I am the light of the world: he that followeth me shall not walk in darkness, but shall have the light of life. The Pharisees therefore said unto him, Thou hearest record of thyself; thy record is not true. Jesus answered and said unto them, Though I bear record of myself, yet my record is true: for I know whence I came, and whither I go; but ye cannot tell me whence I come, and whither I go. Ye judge after the flesh; I judge no man. And yet if I judge my judgment is true: for I am not alone, but I and the Father that sent me . . . I am one that bear witness of myself, and the Father that sent me beareth witness of me [Jn. 8:12-18].
And on many other occasions, bearing witness of Himself and revealing Himself, Jesus said:
I and my Father are one. He that hath seen me hath seen the Father. l am in the Father, and the Father is in me. As the Father knoweth me, even so know I the Father: and I lay down my life for the sheep. All things are delivered unto me of my Father: and no man knoweth the Son, but the Father; neither knowest any man the Father, save the Son, and he to whomsoever the Son will reveal him. I am the way, and the truth, and the life: no man cometh unto the Father, but by me. I am the resurrection and the life: he that believeth in me, though he were dead, yet shall he live: and whosoever liveth and believeth in me shall never die. I am the bread of life: he that cometh to me shall never hunger; and he that believeth on me shall never thirst. I am the living bread which came down from heaven: if any man shall eat of this bread, he shall live forever. To this end was I born, and for this cause came I into the world, that I should bear witness unto the truth. Every one that is of the truth heareth my voice.
Moreover, the Truth bears witness of Itself, saying: “I am the truth,” and is testified to by all who know and love It, and through all that It said and did and suffered among men, It clearly revealed Its own nature and origin, and always attracts to Itself those who love the Truth and all truth. In sum, the object of philosophy, speaking and operating in the midst of men, acting and suffering in the midst of men, and altering men’s affairs according to Its own design and frame of mind, reveals and shows forth Its own essence and nature, as these are shown forth and proved by the scientific lights of the four sciences of psychology, logic, ethics, and theology.
Therefore the object of philosophy is self-evident, in the same manner that the luminous sun by means of the luminous rays it emits evidences its own existence to those having eyes to see. But the blind and those not having eyes to see the sun upon the horizon, the cause of day, have need of witnesses who can see in order to assure themselves of the existence of the sun. Likewise, those who live in caves and subterranean parts of the earth, and are unable directly to see and know the sun, also have need of heralds from whom to hear and learn of the existence of the sun; but also those who live at night, like nocturnal animals, and who are unable to move and act in the light of day,· have a like need of witnesses through whom they may be informed of the existence and nature of the sun, which in due season rises and can be directly and immediately seen by those who are awake and have eyes that are sound, by which they are illuminated and see directly the self-evident sun.
The same analogies are observed also in the case of the object of philosophy, this most luminous Sun of the spiritual world. There are but few who have eyes to see Him directly, such as the Prophets, and the Apostles after them: the rest of men, some being like those who have no eyes, others like those who live at night or in dark and subterranean caves, have need of guides and witnesses in order to get an idea and knowledge of this splendid and pre-eminent Being, who is called the Logos, or Rationale, of all that exists, Truth Itself, Wisdom Itself, and the like. The prophets and apostles, the evangelists, and the pastors and teachers of the Church guide nations and peoples to knowledge of this object in order that they may thereby satisfy the religious need they feel and become partakers of life everlasting. But the new philosophical sciences of ours, psychology, logic, ethics, and theology, guide those who speculate philosophically to the discovery and knowledge of this object in their hunting for rational and scientific knowledge of real beings, thus enabling them to satisfy the philosophical need they feel within them to learn and know all that is unknown. And when these scientific lights lead the philosophical soul within view of the object of philosophy, then such soul is illumined by It directly and immediately, and sees It such as the sciences prove it to be; and the soul then rejoices and is elated at the sight of It, saying: I have found the Truth, the life that is true, the knowledge that is unerring, the boon I had need of to become good and admirable, and live forever with this perfect boon.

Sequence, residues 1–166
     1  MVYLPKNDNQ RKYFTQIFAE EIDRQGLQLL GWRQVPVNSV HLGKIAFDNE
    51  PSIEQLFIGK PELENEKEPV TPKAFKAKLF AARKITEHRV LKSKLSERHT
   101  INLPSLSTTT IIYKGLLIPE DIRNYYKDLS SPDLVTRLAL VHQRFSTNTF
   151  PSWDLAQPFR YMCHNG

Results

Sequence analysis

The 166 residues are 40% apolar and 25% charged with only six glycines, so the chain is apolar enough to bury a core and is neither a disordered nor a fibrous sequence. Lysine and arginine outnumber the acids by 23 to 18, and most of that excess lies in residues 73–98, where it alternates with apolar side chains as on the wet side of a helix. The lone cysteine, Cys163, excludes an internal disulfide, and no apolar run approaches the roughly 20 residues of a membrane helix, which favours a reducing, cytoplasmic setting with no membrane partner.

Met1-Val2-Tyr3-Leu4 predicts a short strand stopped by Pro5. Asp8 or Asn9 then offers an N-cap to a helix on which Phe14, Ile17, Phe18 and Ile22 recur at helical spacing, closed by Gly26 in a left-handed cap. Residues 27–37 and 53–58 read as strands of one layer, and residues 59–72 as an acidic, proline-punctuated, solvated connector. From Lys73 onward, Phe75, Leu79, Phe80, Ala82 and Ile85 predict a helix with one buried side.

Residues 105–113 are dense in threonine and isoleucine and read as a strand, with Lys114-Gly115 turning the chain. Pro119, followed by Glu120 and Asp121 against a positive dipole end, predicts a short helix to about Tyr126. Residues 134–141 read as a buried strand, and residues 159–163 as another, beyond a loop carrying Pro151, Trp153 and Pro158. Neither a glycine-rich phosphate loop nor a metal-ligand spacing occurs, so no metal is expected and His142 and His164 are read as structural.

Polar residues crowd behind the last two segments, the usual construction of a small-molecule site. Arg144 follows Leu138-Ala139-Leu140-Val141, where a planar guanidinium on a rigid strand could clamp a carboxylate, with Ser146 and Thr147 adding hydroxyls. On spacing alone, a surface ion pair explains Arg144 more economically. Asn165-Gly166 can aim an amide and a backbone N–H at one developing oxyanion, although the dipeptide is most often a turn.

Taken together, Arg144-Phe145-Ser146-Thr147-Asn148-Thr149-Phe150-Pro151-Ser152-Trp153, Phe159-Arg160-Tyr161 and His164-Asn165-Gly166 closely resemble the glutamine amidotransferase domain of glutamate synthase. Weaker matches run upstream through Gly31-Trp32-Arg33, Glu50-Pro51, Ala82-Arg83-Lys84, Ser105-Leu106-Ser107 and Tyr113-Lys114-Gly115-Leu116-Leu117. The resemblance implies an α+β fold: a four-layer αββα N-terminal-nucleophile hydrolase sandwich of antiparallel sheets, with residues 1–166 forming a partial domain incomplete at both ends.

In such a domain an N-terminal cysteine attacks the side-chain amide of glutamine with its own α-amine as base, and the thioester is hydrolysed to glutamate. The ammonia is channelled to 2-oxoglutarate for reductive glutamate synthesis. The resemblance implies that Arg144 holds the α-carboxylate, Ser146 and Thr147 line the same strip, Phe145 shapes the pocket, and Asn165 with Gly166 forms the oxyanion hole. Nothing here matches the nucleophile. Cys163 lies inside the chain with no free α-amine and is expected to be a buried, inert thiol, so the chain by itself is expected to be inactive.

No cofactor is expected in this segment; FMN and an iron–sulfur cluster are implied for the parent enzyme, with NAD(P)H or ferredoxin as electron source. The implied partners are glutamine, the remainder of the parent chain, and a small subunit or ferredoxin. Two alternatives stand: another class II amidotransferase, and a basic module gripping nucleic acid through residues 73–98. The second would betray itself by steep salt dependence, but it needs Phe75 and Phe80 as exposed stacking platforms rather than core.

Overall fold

This self-proof of the object of philosophy confirms and verifies the proofs of the other sciences. And if the object of philosophy were not self-evident, just as the sensible sun is by virtue of its physical radiation, the proofs of the other sciences would be invalidated, on the ground that they showed a false object incapable of showing itself to be such as they attest it to be. But now, the object of philosophy being shown forth by its own light, the proofs of the other sciences are confirmed and verified. Therefore, not only do the true sciences prove the true object of philosophy, but they themselves in turn are proved by it to be really true sciences; and true philosophy dances and makes merry with the true sciences, uniting with them in exposing the false sciences and pseudo-philosophy, their mother, which is an empty deception having no object of knowledge. It is obvious, however, that the rational illumination resplendent with these mutual proofs will dissolve and disperse in the end the prevailing darkness of false philosophy and of sciences falsely so called, and contribute to the founding and establishing of a civilization that will be just and peaceful among men, when the now existing pseudo-civilization will be abolished, which is based on brute force and on falsehood and causes the unhappiness of the nations and peoples that live in accordance with it.